Standing With Mary at the Foot of the Cross

We're drawing towards the close of Lent. I don't know how the past forty days of preparing for Our Lord's passion and death has been for you, but for me, these days have passed peacefully. In some ways, I think the Lord is giving me a break after last year's heart-wrenching Lent, when we lost our son Marion in a miscarriage. 

After we lost our son, Eucharist adoration was the one place I felt that I could be completely honest and authentic. And believe me when I say I let God have it that Lent. I spent time staring at the crucifix that hangs on the wall of our adoration chapel and just thinking about Christ's suffering. I thought about the suffering that Mary, His mother, must have gone through. And I was all too aware of the suffering that I, a mother with a son also in Heaven, was going through. My heart felt like it had been shredded in a blender. How were Joseph and I supposed to enter Easter with joy when everything we'd had planned was falling down around us?

It took me a few visits to the adoration chapel to realize that the Lord offered me a unique place that Lent - at His feet. But I wasn't alone. I was leaning into the Blessed Mother. We were grieving the loss of our children. Yet we both grieved with a hope, knowing that there was beauty to come from the brokenness our hearts were feeling. Last Lent, I learned how to suffer alongside the Blessed Mother at the foot of the cross.

Standing by the cross of Jesus were his mother and his mother’s sister, Mary the wife of Clopas, and Mary of Magdala.
— John 19:25
Mary.jpg

Reflecting on Lent last year, Mary taught me so many beautiful lessons while we shared our sorrow at the foot of the cross. Here are a few things I learned from her during that season of sacrifice

 

Mary never stops trusting God's plan

From the very beginning of her story, Mary was a constant yes to the Lord. Beautifully receptive to His plan for her life (and for the world!), Mary offered an unconditional yes.

From the moment of the conception of Christ within her womb, throughout the hidden years of Our Lord, and all the way up the hill to Calvary, every breath Mary took echoed her yes to the Lord. 

Mary said "yes" to the joyful mysteries of her life, but offered the Lord the same "yes" for the sorrowful mysteries He invited her into as well. As Christians, we're called to the same. Like Mary, we're offered opportunities to trust the Lord in the good times and the bad.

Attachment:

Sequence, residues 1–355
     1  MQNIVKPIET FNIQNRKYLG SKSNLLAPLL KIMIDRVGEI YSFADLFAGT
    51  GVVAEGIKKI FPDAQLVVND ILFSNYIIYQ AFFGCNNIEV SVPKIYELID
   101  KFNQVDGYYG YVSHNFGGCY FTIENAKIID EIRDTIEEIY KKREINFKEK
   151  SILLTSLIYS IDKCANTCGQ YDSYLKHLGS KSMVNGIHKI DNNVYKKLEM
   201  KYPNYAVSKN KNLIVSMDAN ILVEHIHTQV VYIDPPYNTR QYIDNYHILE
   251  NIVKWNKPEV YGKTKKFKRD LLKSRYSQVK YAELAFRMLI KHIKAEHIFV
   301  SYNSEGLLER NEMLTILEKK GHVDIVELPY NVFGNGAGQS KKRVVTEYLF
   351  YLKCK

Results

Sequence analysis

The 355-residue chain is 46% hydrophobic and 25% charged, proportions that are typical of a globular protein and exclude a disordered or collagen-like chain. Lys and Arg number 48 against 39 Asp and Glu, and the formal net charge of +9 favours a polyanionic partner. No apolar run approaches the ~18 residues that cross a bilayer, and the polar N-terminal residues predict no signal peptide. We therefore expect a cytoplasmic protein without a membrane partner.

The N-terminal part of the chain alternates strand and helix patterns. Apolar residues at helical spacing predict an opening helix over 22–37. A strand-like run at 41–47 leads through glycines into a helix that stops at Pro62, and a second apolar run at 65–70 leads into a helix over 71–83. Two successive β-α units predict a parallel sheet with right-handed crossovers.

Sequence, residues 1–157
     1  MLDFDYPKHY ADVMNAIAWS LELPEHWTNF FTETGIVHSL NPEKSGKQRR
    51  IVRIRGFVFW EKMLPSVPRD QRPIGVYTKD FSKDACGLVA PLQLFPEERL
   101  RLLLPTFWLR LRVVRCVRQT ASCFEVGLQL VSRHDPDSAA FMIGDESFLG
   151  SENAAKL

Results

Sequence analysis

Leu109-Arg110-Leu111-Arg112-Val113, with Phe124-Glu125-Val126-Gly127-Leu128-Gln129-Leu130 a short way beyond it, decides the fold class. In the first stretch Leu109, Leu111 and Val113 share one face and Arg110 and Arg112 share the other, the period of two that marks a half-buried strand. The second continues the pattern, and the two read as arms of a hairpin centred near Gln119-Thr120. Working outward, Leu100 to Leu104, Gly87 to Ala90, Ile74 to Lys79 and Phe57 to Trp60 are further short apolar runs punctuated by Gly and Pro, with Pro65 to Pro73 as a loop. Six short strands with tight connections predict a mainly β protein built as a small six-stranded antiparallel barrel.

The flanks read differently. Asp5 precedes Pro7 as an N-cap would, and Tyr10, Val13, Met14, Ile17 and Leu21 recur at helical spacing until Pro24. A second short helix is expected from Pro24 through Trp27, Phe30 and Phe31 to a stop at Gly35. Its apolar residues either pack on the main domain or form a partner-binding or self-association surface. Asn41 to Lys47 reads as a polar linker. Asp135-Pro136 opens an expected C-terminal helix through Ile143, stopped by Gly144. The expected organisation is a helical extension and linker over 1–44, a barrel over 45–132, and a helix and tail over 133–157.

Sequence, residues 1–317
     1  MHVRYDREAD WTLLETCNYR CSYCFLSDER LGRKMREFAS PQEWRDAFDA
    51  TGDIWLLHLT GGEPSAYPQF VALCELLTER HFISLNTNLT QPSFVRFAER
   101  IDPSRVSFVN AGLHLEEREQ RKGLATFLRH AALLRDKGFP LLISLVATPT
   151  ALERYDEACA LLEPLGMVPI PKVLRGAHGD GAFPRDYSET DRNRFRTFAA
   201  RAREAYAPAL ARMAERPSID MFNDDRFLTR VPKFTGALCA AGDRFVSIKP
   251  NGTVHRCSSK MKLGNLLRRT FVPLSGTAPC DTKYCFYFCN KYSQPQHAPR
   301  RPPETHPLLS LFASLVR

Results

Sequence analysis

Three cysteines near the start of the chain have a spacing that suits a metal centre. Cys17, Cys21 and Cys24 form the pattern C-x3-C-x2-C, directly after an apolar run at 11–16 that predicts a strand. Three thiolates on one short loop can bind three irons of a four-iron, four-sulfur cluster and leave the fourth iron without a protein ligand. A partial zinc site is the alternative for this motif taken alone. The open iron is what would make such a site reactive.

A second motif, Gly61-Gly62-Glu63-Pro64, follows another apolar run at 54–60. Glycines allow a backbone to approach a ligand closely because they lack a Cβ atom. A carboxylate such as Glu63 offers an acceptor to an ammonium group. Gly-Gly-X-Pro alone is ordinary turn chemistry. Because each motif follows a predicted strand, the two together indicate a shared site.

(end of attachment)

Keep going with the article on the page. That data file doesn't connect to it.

We're invited to believe that He's a good, good Father. That He's going to show up. That He's going to keep His promises.

The ‘yes’ spoken on the day of the Annunciation reaches full maturity on the day of the cross, when the time comes for Mary to receive and beget as her children all those who become disciples, pouring out upon them the saving love of her Son.
— Saint Pope John Paul II, Evangelium Vitae, 103

Mary unites her pierced heart to Christ's pierced heart

If there is one comfort I have found in Catholicism, it is in the fact that the cross makes sense of suffering. Christ Himself walked before us, enduring a horrific passion and death. He suffered first, then turns back to those of us here on earth and invites us to suffer for and with Him. 

"I saw the Lord Jesus nailed upon the cross amidst great torments. A soft moan issued from His heart," Saint Faustina wrote in her diary. "After some time He said 'I thirst. I thirst for the salvation of souls. Help Me, My daughter, to save souls. Join your sufferings to My Passion and offer them to the heavenly Father for sinners.'"

God doesn't ask us to heal our own wounds, or to ignore them. Instead, the Lord offers us a chance to unite our wounds to the wounds of Christ.

Mary offers us the perfect example of this as she unites her heart, pierced with seven swords, to the heart of her son, pierced by the lance. 

 

Mary suffers courageously

Pope Pius IX meditated on the courage Our Lady demonstrated during the death of Christ. He wrote: "A courageous woman…ascended the summit of Golgotha….Therefore Mary most holy was standing with head raised at the foot of the Cross… while she heard the blasphemies of the soldiers, the ugly jokes of the Pharisees, the insults of the priests, standing and with her eyes turned to her Divine Son, she felt her courage redoubling, even in the fullness of her sorrows. Standing!…she remained a motionless onlooker…as a woman meditating, suffering and hoping," 

It's so beautiful that Mary stands at the foot of the cross. Can you imagine the emotions and thoughts running through her mind? Her son hangs above her, struggling for breath. Yet she doesn't collapse in a heap. Instead, she stands courageously beneath the shadow of the cross. 

Yesterday marked the one year anniversary of the day that Marion entered into Heaven. One year later, sitting at the feet of Our Lord during adoration is still one of my favorite places. I'm still leaning on, and learning from, Mary. 

Mary, our mother, lead us to the feet of your Son. Lead us to the foot of the cross. Give us the courage to stand with you. 

Want to learn more about Lent through the eyes of Mary? Check out this episode of The Catholic Podcast